The Earth’s climate system displays substantial variability on spatial and temporal scales over many orders of magnitude. This complexity of the physics underlying the dynamics of the system poses a significant challenge for any attempt to quantitatively model the climate system, as in any computationally tractable climate model there will be a broad range of scales that can not be explicitly resolved but whose aggregate effects on the resolved scales must be accounted for. Much of uncertainty in predictions of weather and climate variability is linked to parameterization issues, combined with our lack of understanding of the interaction between the mesoscale, synoptic and planetary scales, simulation uncertainty due to the computer power. Water vapor, as a greenhouse gas in the atmosphere, plays an important role in climate system. But its dynamics are extremely complicated owing to the fact that it is controlled by both cloud microphysical processes and by dynamical processes, and that neither of these controls is well understood or represented in climate models. Climate is sensitive to poorly known microphysical and dynamical processes. In general circulation models (GCMs), water vapor modeling and representation is one of the major uncertainties. Better parameterization scheme will improve the prediction of weather and climate. In this thesis, we present an observational data-driven, stochastic analysis-based method to represent these small-scale process forcing in order to provide an alternative way for traditional deterministic moist convective parameterizations, which has some limitations and drawbacks. There are two parts in this thesis. The first part is to estimate the moist convection by means of observation data and theoretical model and then to examine its role on the distribution of water vapor. The second part is to present a stochastic convective parameterization scheme, to develop an idealized stochastic moist model and finally to test its validity. We have devised an observational data-driven, stochastic analysis-based method for parameterizing the convective moistening. Convective forcing is much temporal fluctuating and shows relative large correlation in time. We represent it by a correlated (or colored) noisy process, in terms of a fractional Brownian motion. Diagnostic analysis shows that convective forcing has a closely relationship with specific humidity, so multiplicative noise is used to develop an empirical formula between the convective forcing and specific humidity. Based on the convergence theorem of power variation and stochastic calculus, optimal parameters are obtained. An idealized theoretical stochastic model for water vapor evolution is developed. To validate our stochastic parameterization scheme, we compare the numerical predictions based on the stochastic Advection-Diffusion-Condensation model with the ERA-40 observation. Results demonstrate that even we have simplified treatment for water vapor model, the established stochastic model can capture the characters not only in first-moment of water vapor in El Ni˜no and La Ni˜na year but also in second-moment and probability distribution. These results are quite promising. Both mathematical theory and numerical experiments verify that this data-based stochastic parameterization scheme is reasonable.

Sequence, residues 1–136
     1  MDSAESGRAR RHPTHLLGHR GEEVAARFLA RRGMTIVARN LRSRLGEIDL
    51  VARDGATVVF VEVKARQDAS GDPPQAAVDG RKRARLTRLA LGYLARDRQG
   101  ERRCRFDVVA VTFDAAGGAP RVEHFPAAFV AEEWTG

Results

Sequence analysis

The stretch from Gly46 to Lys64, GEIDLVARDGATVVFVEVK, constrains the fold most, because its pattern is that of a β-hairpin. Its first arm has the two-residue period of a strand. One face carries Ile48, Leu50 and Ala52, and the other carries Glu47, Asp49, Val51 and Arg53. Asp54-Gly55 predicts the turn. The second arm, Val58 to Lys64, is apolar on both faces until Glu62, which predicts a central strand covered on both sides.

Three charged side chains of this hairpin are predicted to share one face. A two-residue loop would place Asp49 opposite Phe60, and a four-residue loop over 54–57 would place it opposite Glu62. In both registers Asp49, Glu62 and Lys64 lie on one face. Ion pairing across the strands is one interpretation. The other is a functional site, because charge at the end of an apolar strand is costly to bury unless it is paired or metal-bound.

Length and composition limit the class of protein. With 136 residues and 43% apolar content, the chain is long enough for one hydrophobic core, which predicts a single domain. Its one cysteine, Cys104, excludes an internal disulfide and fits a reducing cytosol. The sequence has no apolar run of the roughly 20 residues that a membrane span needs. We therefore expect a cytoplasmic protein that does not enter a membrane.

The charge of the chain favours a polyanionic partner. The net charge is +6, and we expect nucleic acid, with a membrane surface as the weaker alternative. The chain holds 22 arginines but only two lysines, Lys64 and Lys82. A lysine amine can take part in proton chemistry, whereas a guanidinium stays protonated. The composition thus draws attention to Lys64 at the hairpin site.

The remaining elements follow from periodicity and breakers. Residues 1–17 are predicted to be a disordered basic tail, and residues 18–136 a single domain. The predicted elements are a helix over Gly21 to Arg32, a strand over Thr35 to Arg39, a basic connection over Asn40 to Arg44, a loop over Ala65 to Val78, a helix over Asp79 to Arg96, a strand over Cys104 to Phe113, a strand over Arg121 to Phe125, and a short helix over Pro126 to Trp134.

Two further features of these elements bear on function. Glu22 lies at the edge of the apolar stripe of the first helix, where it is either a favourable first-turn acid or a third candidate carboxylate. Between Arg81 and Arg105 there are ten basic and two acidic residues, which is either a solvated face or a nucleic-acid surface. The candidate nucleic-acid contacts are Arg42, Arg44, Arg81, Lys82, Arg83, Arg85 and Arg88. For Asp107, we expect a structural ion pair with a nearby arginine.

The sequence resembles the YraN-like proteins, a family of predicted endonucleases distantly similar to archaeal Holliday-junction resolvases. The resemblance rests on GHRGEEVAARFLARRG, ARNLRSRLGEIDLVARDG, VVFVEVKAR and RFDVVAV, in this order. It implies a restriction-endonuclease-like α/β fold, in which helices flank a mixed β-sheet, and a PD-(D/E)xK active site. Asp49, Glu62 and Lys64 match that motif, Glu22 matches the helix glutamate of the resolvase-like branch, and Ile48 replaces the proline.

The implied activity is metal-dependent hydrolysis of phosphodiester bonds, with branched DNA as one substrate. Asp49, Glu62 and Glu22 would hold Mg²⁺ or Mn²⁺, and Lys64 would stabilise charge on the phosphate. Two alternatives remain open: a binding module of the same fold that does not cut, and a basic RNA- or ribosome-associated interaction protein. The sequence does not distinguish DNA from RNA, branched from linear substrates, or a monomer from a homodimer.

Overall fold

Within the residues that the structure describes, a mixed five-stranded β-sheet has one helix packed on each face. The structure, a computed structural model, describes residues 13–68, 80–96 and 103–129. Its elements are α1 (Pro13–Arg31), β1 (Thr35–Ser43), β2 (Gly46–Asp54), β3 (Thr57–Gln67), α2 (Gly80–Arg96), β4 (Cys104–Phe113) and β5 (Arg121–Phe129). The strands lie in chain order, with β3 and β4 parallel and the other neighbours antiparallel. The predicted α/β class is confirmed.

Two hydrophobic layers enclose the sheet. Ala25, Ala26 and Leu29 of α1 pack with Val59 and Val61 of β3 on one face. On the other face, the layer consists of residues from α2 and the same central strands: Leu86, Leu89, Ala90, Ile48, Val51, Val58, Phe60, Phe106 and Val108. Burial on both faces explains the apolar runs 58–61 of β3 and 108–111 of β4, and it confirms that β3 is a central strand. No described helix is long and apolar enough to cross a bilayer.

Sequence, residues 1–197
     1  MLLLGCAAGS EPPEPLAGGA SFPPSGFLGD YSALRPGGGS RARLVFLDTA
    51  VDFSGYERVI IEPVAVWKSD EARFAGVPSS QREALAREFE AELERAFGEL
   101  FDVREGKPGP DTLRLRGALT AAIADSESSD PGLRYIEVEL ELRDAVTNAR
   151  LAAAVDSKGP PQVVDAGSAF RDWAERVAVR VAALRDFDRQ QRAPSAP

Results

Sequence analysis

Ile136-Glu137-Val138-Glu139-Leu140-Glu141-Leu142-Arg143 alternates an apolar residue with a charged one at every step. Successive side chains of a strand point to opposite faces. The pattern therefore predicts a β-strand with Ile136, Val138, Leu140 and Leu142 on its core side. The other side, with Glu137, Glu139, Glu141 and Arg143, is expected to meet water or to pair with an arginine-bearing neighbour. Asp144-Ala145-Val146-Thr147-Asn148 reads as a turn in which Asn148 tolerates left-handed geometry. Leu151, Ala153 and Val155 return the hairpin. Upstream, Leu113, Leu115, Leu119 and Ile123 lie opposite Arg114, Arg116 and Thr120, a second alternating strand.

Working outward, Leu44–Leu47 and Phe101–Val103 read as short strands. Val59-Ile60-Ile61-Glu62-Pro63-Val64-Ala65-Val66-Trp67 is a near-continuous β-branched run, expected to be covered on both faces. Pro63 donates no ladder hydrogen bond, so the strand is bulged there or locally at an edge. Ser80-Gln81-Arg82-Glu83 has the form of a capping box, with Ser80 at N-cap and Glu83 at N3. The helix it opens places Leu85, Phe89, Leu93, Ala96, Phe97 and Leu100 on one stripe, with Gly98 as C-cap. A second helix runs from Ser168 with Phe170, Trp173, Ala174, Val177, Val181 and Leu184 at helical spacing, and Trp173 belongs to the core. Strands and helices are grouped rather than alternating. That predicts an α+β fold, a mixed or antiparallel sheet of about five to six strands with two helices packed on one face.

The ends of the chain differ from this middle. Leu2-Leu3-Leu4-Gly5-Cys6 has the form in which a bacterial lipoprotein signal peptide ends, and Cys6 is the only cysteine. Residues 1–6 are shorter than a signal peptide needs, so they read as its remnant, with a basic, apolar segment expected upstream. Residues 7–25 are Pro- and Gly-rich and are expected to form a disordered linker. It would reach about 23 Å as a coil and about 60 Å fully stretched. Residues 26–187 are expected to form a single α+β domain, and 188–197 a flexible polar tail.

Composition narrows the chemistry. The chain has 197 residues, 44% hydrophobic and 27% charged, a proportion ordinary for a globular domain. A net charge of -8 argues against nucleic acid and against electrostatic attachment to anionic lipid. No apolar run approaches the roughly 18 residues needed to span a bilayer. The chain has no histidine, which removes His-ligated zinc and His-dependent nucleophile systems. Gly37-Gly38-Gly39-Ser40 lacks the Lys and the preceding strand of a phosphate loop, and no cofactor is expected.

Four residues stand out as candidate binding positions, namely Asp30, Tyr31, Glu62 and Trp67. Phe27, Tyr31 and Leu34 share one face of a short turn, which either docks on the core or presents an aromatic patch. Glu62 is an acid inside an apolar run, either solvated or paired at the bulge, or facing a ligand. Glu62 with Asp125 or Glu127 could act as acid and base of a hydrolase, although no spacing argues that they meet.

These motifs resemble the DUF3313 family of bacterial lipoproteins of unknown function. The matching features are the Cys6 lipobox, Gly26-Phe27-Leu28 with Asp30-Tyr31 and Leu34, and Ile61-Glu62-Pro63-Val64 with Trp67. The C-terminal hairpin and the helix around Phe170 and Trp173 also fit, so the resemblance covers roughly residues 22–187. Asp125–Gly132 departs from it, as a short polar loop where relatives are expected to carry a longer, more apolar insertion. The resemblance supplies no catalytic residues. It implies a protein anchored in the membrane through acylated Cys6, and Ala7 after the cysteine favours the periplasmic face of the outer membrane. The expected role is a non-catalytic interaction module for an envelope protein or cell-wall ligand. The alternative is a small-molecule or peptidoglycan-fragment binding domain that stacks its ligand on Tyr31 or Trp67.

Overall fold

We consider the data-driven approximation of the Koopman operator for stochastic differential equations on reproducing kernel Hilbert spaces (RKHS). Our focus is on the estimation error if the data are collected from long-term ergodic simulations. We derive both an exact expression for the variance of the kernel cross-covariance operator, measured in the Hilbert-Schmidt norm, and probabilistic bounds for the finite-data estimation error. Moreover, we derive a bound on the prediction error of observables in the RKHS using a finite Mercer series expansion. Further, assuming Koopman-invariance of the RKHS, we provide bounds on the full approximation error. Numerical experiments using the Ornstein-Uhlenbeck process illustrate our results.